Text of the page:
The Supreme Court has dismissed an appeal by a governorship aspirant of the Labour Party in Plateau State, Yohanna Margif, challenging the nomination of Patrick Dakum as the candidate of the party.
Justice John Okoro dismissed the appeal following the withdrawal of the suit by the appellant, Margif, after discovering that the matter had become statute barred.
Counsel to the appellant, Mr Opeyemi George Ojo, had pleaded with the apex court to invoke Section 22 of the Supreme Court Act to take over the matter and resolve all disputed issues in the interest of justice to his client.
His persuasion was however rejected by the five-man panel of Justices of the Court on the ground that conditions precedent for the court to invoke Section 22 of the Supreme Court Act were not met.
The justices specifically reminded the lawyer that both the Court of Appeal and the Federal High Court no longer have jurisdiction that can be invoked by the Supreme Court since the time for the matter to be heard had lapsed.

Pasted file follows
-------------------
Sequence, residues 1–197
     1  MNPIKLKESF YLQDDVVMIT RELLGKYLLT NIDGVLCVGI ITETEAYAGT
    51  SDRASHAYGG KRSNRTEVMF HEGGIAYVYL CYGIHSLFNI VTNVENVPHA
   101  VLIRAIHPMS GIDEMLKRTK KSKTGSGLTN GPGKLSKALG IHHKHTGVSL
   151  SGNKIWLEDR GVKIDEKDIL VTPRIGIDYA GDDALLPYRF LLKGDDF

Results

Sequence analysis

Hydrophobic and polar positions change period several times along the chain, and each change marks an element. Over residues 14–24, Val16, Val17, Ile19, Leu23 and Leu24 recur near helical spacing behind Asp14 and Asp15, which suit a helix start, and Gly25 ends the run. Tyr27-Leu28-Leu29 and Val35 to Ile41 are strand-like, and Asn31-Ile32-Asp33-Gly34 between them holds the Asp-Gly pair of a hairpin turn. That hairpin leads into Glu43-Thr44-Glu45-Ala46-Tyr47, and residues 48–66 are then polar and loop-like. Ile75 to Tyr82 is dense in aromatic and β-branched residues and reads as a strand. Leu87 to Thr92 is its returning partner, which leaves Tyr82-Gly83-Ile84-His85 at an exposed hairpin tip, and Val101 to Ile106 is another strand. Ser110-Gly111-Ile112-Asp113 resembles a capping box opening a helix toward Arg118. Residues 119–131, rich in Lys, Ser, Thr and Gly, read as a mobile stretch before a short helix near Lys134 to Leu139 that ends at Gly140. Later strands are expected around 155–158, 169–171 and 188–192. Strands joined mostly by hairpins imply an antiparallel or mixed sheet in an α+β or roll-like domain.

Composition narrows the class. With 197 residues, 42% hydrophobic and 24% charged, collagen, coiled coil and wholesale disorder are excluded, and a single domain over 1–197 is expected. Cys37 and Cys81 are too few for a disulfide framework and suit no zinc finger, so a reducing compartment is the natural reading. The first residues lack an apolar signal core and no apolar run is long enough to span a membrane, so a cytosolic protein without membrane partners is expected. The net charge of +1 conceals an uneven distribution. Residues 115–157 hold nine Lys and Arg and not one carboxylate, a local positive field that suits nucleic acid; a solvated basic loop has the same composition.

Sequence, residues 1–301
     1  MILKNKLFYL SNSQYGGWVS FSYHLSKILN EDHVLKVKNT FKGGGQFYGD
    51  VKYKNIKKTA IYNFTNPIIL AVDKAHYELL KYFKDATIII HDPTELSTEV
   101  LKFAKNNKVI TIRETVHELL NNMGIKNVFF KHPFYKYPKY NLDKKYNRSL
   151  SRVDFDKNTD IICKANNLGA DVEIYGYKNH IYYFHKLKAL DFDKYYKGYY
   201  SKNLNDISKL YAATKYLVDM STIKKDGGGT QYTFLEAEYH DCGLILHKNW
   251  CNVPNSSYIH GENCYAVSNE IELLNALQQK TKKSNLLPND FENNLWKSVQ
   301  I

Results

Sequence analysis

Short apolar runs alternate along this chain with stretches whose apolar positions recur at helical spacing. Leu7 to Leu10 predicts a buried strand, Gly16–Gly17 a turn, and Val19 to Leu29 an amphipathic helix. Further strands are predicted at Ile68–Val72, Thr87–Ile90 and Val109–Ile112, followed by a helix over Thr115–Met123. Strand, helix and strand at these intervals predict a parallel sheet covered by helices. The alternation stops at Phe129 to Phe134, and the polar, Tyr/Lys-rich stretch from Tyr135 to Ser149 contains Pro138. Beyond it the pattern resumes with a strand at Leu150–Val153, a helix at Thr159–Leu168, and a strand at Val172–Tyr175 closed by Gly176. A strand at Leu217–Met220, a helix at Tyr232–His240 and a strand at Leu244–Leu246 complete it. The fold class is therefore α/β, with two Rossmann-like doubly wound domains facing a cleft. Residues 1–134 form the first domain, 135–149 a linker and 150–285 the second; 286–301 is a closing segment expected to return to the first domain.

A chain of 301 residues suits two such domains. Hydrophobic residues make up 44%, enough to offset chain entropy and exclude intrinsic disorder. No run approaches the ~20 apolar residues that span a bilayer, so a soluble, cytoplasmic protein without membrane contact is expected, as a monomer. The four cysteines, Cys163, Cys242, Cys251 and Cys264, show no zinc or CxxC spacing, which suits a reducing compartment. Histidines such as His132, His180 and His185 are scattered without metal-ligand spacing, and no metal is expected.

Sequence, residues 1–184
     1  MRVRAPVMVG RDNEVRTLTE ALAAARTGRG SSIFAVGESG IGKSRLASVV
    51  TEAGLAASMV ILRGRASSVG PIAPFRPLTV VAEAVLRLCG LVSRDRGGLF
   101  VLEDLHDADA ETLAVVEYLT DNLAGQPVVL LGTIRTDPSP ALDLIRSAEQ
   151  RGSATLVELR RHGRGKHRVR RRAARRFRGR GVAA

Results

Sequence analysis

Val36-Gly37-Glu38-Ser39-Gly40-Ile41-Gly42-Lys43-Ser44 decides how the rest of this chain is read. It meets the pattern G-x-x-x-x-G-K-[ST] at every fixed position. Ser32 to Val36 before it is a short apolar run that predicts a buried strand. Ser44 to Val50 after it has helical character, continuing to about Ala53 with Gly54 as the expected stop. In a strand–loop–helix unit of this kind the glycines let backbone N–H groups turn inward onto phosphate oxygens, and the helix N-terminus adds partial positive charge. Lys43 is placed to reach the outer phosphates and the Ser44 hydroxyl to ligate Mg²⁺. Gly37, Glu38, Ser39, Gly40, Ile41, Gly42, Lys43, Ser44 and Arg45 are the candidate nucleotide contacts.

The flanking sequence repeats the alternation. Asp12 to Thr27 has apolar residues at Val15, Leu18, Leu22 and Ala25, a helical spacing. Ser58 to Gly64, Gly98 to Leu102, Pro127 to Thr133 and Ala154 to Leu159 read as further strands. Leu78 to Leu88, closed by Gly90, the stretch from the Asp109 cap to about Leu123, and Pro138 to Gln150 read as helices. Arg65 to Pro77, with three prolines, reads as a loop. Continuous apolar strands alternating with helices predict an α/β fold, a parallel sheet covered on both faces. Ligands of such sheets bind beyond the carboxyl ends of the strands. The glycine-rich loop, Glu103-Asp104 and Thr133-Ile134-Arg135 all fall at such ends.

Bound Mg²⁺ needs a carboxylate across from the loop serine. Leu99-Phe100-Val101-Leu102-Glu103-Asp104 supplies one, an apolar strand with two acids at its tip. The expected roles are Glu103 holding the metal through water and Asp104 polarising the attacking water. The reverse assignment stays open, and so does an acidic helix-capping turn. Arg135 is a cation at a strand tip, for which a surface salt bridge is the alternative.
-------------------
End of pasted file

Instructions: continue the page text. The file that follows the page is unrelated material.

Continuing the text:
Confronted with reality on the futility of his request, the appellant announced withdrawal of his appeal and was subsequently dismissed by Justice Okoro.
The appellant had challenged the emergence of Dakum as the Labour Party’s governorship candidate in Plateau State insisting that he won the primary election of the party and never withdrew his nomination.
The party, however, insisted that he wrote, voluntarily withdrawing his candidacy, and copied the Independent National Electoral Commission (INEC) in the same letter.
The party claimed that following the withdrawal by Margif, a new primary election was conducted in which Dakum emerged and his name submitted to INEC.